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Whales are a majestic creature. They’re known for being extraordinarily intelligent. Some whales emotional intelligence exceed humans. Humpback whales in specific are characterized by their altruism.

Marine biologist, Robert Pitman analyzed this altruistic behavior for about 60 years. Many have documented these whales banning together to prevent a killer whale from attacking. Their protection is not discriminatory. Humpback whales will save the life of any species, not just their own.

The Biologist Who Saw it for Herself

Nan Hauser is an experienced diver who filmed the first ever recording of a humpback whale saving a human, and that human was herself. Hauser is a marine biologist. She mainly studies humpbacks and swims with them all the time.

She Knew Something Wasn’t Right

One October day, Nan went about her usual diving routine and swam next to a 50,000-pound humpback. This time, she felt something was off. The friendly creature started pushing her off the waters of Cook Island. Usually, her interactions are calm and friendly, but this seemed more aggressive than usual.

Human Strength is No Match to a Whale’s

Hauser tried to calmly swim away back to her boat, but the whale kept pushing her. Hauser knew better than to panic and frantically fight back. One pulse from a whale this size can easily crush human bones. Hauser stayed as calm as possible and let the whale guide her.

Hauser explained what was going through her mind. “If he rammed me too hard, or hit me with his flippers or tail, that would break my bones and rupture my organs. If he held me under his pectoral fin, I would have drowned … I was sure that it was most likely going to be a deadly encounter,” she says.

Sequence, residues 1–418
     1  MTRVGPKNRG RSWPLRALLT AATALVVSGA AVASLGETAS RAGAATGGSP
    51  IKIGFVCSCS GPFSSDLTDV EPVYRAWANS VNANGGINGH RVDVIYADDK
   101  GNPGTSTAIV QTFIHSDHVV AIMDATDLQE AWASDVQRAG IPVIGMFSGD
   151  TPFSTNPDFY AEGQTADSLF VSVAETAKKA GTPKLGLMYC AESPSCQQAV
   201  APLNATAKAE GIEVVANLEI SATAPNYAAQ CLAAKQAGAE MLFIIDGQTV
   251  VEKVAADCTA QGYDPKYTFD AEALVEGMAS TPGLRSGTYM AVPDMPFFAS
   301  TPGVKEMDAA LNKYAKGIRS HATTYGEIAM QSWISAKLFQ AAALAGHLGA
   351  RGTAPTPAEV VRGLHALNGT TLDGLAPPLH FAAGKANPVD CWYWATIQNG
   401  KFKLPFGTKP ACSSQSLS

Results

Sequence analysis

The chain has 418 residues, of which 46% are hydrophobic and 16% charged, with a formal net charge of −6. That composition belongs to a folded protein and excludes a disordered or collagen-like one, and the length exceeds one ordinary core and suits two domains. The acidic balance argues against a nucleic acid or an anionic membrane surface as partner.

She’s Never Seen a Humpback Act That Way

She was nudged, pushed and rolled around on the back of this humpback. Hauser explained that the whale kept putting its eye near her head. She felt that the whale wanted to tell her something, but she could not figure it out. Throughout her years of studying the magnificent creature, she’s never experienced something like this.

“I’ve spent 28 years underwater with whales, and have never had a whale so tactile and so insistent on putting me on his head, or belly, or back, or, most of all, trying to tuck me under his huge pectoral fin,” Hauser says in an interview.

A Distant & Charging Figure

At one point Huser glanced in the distance. She noticed a large figure swimming fast in her direction. She saw that the figure’s tale was waving side to side, and realized what was happening. Whale’s tales move up and down while sharks move side to side. Hauser’s humpback friend was saving her from a massive, 15-foot-long tiger shark.

Eventually, the humpback whale led Hauser back to her boat. She quickly jumped to safety and was overcome with emotion. She describes this as the most incredible experience of her life. Her crew documented the whole thing.

Altruism in the sea.

Robert Pitman studied the behavior of humpback whales for a majority of his life. He’s very familiar with the altruistic reputation humpback whales have. However, as a man of science, he likes to point out the fact that altruism is a survival tactic for the whale itself.

The Benefits of an Altruistic Instinct

The instinct to protect other species stems from their instinct to protect their calves. Pitman explains that altruism in humpback whales is an unconscious instinct that survived through evolution and is beneficial for their species existence.

The instinct and impulse to interrupt an attack from a shark or killer whale are subconscious, unintentional and not specific towards an attack on their offspring. But, as a consequence to this instinct, many sea swimmers lives have been spared.